Which is of course, creating the next “Uber for [insert service here],” making it big and then going and live the good life!

I know, I might exaggerate a bit, but don’t tell me I am the only one thinking that the “unicorn fun club” is going from strength to strength.

So, assuming you are still with me don’t you think it’s about time to explore a) whether the growth-at-any-cost is worth the price and b) at what point becomes a reckless strategy?

Glad to hear that!

Let’s jump straight in…

The case for going BIG

Before getting into today’s question(s), I think it’s worth opening a small parenthesis and briefly see what’s feeding the ‘go big’ trend.

The answer?

Here you go:

Factor #1: The grow or die inevitability

This of course refers to the long-held belief that growth and (business) survival go hand in hand.

And, in short, the rationale behind this argument is that since, in a competitive marketplace, there will always be other players on the lookout to eat our lunch (aka market share), by not aggressively growing our business and diversifying our portfolio, we make ourselves vulnerable to their attacks.

Factor #2: The bigger, the better logic

You saw that coming, right?

I know.

Aside from the pile of cash that comes from joining the big league, there seems to be another big driver.

Which is that?

Introducing the impact entrepreneurs:

According to Adam Levene, the person that coined this term, “impact entrepreneurs are driven by a desire to disrupt the status quo. Doing their bit to push the world forward is what gets them out the bed in the morning…{And they} do what they do for legacy, not for places on rich lists.”

Having this sort of definition in mind, it shouldn’t come as a surprise that a key ingredient of their ‘formula’ is to bring their product/service to as many people as possible.

Hence, understandably, going big seems like a one-way street.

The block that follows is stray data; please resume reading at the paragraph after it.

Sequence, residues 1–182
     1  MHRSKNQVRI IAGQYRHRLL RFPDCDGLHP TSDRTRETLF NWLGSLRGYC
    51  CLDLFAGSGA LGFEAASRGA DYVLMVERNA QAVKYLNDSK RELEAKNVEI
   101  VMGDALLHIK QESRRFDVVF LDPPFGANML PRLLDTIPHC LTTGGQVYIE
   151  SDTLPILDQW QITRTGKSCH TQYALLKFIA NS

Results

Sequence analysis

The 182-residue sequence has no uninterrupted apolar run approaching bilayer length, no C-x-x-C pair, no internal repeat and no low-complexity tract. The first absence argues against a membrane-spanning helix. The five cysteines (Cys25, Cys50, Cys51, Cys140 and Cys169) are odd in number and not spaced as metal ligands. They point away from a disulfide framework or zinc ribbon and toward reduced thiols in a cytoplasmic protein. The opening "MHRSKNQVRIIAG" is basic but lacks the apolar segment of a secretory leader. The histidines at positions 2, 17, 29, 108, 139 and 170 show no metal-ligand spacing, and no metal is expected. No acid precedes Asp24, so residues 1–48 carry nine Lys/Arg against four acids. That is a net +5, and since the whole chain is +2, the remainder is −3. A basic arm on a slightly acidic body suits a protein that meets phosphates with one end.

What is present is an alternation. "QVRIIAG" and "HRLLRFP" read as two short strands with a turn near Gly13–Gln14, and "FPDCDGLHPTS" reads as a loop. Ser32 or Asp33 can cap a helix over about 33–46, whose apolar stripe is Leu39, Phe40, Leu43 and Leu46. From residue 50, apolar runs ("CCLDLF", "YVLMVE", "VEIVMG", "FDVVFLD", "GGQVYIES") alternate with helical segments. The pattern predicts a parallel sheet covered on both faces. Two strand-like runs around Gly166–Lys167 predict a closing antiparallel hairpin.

So, with all that said, is it time to admit that go big or go home is the way to move forward?

Wait for it…



It dramatically reduces the possibilities ever making it (yep, hitting it out of the park rarely happens)

It can neutralise the reason(s) why you decided to start a business in the first place (autonomy, control, and being your own boss)

It can end-up making you live to serve the company and not the other way around (having a business that serves your life)  

And most importantly…

Big does not equal great

What; big does not equal great?

I know, shocker.

After all, that statement is the antithesis of today’s startup culture of glorifying anything big (IPOs, press stories, staff numbers, acquisitions, or lottery ticket winners, just to name a few).

But the thing is, size alone not only doesn’t say the whole story, but actually can be a very misleading indicator of a company’s success.


Jason Fried and David Heinemeier Hansson in their classic book, Rework, couldn’t have put it better:

What’s wrong with finding the right size and staying there? Do we look at Harvard or Oxford and say, ‘If they’d only expand and branch out and hire thousands more professors and go global and open other campuses all over the world … then they’d be great schools.’ Of course not. That’s not how we measure the value of these institutions. So why is it the way we measure businesses?  

That’s right – small size and greatness are not mutually exclusive.

And just to be clear I am not anti-growth. I am just against one thinking that the only way to build a great business is by getting big.

Small is beautiful

Yes, my friends there is an alternative – staying small and beautiful!

Exactly, the notion that staying small somehow makes you unambitious, lazy, and comfortably mediocre is simply idiotic.

In reality, there are many good reasons why entrepreneurs decide to ditch the go big or go home hype-driven narrative and stay small.

Here are 5 to get you started:

– Retain full control of the business

– Have a healthy and pleasant work-life balance

– Level up the chances building a viable business and make a comfortable living

– Sustain a flexible and not overly complicated business structure

– Keep doing what they do best and enjoy most instead of becoming “the manager”

Moral of the story?

Stop chasing others’ definition of success, set up your own benchmarks, and build a business just big enough to keep YOU happy.

Key Takeaways

– Big doesn’t equal great

– Companies don’t grow or die but rather improve or die

– Going big comes at a hefty cost

– Staying small doesn’t make you unambitious

– Success should be defined on your own terms


Ok guys, that’s all from me for today.

If you enjoyed today’s post, check out my kindle book, The Aspiring Entrepreneur Entry Strategy: A practical step-by-step guide for finding a validated, winning business idea that stays true to who you are, that is currently available at Amazon.

I hope to see you soon.



“Small is not just a stepping-stone. Small is a great destination in itself.”

– Jason Fried